Toledano-González, A., Labajos-Manzanares, T., & Romero-Ayuso, D. (2019). Well-being, self-efficacy and independence in older adults: a randomized trial of occupational therapy. Archives of gerontology and geriatrics, 83, 277-284.
Discussion # 2 :
Internal and External Criticism of Self-Efficacy Theory
Self-Efficacy theory explains an individual’s belief in their abilities to execute an activity successfully. The theory states that if a person has a strong belief in their ability to perform a task, then that person will be more likely to perform the task with success. Self-efficacy can also be thought of as having a “can do” attitude and having confidence in one’s abilities. During the development of this theory, Bandura wished to examine the factors that contribute to different individual abilities when conducting an activity or a decision (Klassen & Klassen, 2018). The theory of self-efficacy has been criticized for using both internal and external evaluation processes.
Based on internal criticism, self-efficacy theory has been shown to be very important in determining an individual’s abilities. For example, the theory can be used in nursing to understand a nurse’s strengths and determine the areas they need to improve. In addition, the theory has been clearly defined due to its high levels of conceptual clarity. Research by Klassen and Klassen (2018) posited that the concept of self-efficacy theory is clearly defined, which offers limited time for a person to understand their goal. In addition, the theory is supported by adequate empirical support due to different studies and supplements on the same. Nonetheless, the theory has been criticized for its risk of confusion regarding confidence and self-esteem. Since the theory of efficacy is used in understanding an individual’s ability, it may hinder the understanding of a person’s self-esteem levels.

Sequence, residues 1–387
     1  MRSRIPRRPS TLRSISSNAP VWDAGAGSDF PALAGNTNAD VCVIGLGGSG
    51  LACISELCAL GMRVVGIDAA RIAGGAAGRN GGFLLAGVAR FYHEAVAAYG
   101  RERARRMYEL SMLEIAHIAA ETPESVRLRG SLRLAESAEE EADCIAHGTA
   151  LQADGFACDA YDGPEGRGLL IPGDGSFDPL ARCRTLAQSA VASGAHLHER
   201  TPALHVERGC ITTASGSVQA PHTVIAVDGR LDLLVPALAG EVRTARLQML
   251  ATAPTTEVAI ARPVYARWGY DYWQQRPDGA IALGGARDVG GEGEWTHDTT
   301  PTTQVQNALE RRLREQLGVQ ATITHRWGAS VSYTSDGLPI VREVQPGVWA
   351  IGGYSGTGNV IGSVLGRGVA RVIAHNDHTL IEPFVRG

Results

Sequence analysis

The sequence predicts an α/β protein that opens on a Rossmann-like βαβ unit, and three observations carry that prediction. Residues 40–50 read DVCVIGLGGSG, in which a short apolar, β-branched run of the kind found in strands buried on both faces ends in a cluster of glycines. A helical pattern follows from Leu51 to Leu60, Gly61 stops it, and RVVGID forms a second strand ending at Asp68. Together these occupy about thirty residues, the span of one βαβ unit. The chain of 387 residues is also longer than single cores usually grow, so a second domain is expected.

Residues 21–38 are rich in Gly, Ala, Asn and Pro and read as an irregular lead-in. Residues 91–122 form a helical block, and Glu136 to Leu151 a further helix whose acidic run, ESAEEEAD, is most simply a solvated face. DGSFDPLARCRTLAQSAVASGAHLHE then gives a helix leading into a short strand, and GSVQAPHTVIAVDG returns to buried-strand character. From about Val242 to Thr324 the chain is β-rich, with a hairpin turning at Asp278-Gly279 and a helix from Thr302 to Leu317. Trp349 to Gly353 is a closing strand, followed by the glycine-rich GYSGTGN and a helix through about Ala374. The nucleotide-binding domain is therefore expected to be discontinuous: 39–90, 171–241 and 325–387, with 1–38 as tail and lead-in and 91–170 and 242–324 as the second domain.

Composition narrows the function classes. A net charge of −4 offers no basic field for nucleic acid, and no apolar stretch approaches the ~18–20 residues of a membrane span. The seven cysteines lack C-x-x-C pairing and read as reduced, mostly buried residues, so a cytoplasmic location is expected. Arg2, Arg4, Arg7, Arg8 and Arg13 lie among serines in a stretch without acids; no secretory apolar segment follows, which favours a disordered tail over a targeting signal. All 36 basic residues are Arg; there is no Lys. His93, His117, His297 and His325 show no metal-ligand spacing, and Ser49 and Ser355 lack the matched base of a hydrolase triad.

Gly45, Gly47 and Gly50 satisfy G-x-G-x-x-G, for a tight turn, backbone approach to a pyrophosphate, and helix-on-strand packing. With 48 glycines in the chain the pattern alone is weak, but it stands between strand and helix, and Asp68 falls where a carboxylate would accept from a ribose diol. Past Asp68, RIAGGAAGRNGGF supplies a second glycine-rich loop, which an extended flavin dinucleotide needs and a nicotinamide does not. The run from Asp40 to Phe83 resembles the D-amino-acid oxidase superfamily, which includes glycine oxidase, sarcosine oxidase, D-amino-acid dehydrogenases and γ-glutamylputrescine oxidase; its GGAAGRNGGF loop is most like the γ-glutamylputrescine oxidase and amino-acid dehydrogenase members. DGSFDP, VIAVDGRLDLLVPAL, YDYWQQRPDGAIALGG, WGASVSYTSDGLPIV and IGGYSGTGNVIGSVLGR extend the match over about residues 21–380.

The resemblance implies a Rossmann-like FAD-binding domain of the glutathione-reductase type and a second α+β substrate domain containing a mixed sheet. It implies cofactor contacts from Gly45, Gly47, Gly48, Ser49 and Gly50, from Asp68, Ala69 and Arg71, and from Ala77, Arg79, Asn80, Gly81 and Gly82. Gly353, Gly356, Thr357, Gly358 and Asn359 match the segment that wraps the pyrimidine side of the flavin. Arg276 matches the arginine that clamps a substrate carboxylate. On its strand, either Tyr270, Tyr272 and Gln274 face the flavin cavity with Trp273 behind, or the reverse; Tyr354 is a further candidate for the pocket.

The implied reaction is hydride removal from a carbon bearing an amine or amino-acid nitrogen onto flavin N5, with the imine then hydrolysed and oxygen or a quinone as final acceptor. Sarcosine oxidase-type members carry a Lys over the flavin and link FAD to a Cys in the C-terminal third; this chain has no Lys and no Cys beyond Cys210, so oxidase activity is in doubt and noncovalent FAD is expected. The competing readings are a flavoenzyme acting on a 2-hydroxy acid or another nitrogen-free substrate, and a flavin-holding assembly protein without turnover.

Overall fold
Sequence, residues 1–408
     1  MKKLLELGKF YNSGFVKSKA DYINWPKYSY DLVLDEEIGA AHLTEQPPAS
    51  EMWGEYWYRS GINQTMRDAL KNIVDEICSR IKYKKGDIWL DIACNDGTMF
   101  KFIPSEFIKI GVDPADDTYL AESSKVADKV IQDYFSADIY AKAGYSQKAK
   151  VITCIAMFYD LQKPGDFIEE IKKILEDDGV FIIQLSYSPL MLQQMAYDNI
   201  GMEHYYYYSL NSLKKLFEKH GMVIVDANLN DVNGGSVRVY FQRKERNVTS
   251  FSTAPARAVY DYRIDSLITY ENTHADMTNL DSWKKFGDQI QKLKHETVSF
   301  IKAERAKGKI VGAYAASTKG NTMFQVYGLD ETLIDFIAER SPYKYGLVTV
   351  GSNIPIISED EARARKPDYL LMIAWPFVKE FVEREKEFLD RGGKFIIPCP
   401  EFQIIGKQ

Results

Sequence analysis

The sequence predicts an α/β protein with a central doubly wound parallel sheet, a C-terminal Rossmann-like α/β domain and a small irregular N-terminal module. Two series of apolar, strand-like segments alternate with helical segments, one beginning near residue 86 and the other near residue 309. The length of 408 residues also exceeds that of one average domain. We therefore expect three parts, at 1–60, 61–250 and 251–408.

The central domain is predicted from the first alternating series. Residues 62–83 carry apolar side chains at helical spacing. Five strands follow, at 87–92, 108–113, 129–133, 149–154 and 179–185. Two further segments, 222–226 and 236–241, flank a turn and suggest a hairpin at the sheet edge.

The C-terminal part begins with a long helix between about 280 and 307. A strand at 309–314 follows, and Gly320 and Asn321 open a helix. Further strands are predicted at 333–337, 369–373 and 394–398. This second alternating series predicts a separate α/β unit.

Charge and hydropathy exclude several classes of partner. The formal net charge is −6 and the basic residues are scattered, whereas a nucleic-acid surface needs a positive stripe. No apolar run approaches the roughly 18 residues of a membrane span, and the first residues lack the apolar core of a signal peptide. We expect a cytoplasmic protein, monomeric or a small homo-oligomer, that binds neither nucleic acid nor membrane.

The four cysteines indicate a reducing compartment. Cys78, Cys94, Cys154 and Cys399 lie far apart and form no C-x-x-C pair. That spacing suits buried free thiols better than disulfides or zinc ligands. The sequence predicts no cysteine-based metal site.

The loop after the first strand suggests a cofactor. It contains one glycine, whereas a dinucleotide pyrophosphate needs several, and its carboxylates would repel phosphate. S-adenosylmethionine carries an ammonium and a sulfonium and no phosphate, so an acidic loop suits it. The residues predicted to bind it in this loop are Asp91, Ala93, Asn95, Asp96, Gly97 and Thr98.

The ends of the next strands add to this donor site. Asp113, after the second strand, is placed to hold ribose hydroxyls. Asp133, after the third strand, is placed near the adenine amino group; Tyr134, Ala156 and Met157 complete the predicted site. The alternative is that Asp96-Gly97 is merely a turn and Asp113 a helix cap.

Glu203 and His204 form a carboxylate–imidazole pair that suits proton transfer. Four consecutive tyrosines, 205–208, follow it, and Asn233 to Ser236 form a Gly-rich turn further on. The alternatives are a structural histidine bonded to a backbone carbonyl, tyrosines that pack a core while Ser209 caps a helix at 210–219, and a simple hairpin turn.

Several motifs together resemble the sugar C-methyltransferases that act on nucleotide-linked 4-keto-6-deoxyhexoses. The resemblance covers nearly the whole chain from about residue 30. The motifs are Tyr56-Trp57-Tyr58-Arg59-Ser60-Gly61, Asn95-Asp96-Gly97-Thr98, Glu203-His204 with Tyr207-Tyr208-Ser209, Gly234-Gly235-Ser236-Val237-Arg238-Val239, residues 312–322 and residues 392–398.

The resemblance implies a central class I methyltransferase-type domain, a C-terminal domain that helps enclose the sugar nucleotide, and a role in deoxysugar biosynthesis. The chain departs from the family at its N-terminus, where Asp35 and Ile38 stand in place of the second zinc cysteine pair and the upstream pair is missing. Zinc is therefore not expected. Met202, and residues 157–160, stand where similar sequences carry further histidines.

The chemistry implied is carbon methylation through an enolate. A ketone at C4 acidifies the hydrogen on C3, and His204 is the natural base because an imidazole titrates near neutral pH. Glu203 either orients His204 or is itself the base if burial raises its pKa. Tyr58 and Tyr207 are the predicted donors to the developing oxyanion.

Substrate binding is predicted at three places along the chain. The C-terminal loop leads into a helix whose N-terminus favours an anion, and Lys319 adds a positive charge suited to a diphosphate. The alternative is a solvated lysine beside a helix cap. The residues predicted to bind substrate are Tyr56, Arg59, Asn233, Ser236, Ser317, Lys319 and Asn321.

The external criticism of the theory focuses on the authenticity of the theory and how genuine the theory is. According to Schweder and Raufelder, D. (2022), the self-efficacy theory is generalized across different demographics. This indicates that many studies have found the theory applicable to different ethnicities and cultural contexts, enhancing its reliability. The theory has also been used in different research fields, such as education and nursing, explaining the different behaviors portrayed in such settings. Specifically, it is used in monitoring and explaining healthy behavior such as medication adherence, smoking cessation and active participation in physical activity. In addition, the theory has quality predictive validity, which makes it easier to establish an effective way of predicting human behavior based on different circumstances (Schweder & Raufelder, 2022). This increases the reliability of the information offered by this theory and helps make better and more reliable conclusions about human behavior. Nonetheless, the mechanism of the theory is weak as it barely explains the underlying process used in the making of the theory. Even the mechanism used barely explains all the concepts of the theory.
Klassen, R. M., & Klassen, J. R. (2018). Self-efficacy beliefs of medical students: a critical
review. Perspectives on medical education, 7, 76-82.
Schweder, S., & Raufelder, D. (2022). Students’ interest and self-efficacy and the impact of
changing learning environments. Contemporary Educational Psychology, 70, 102082.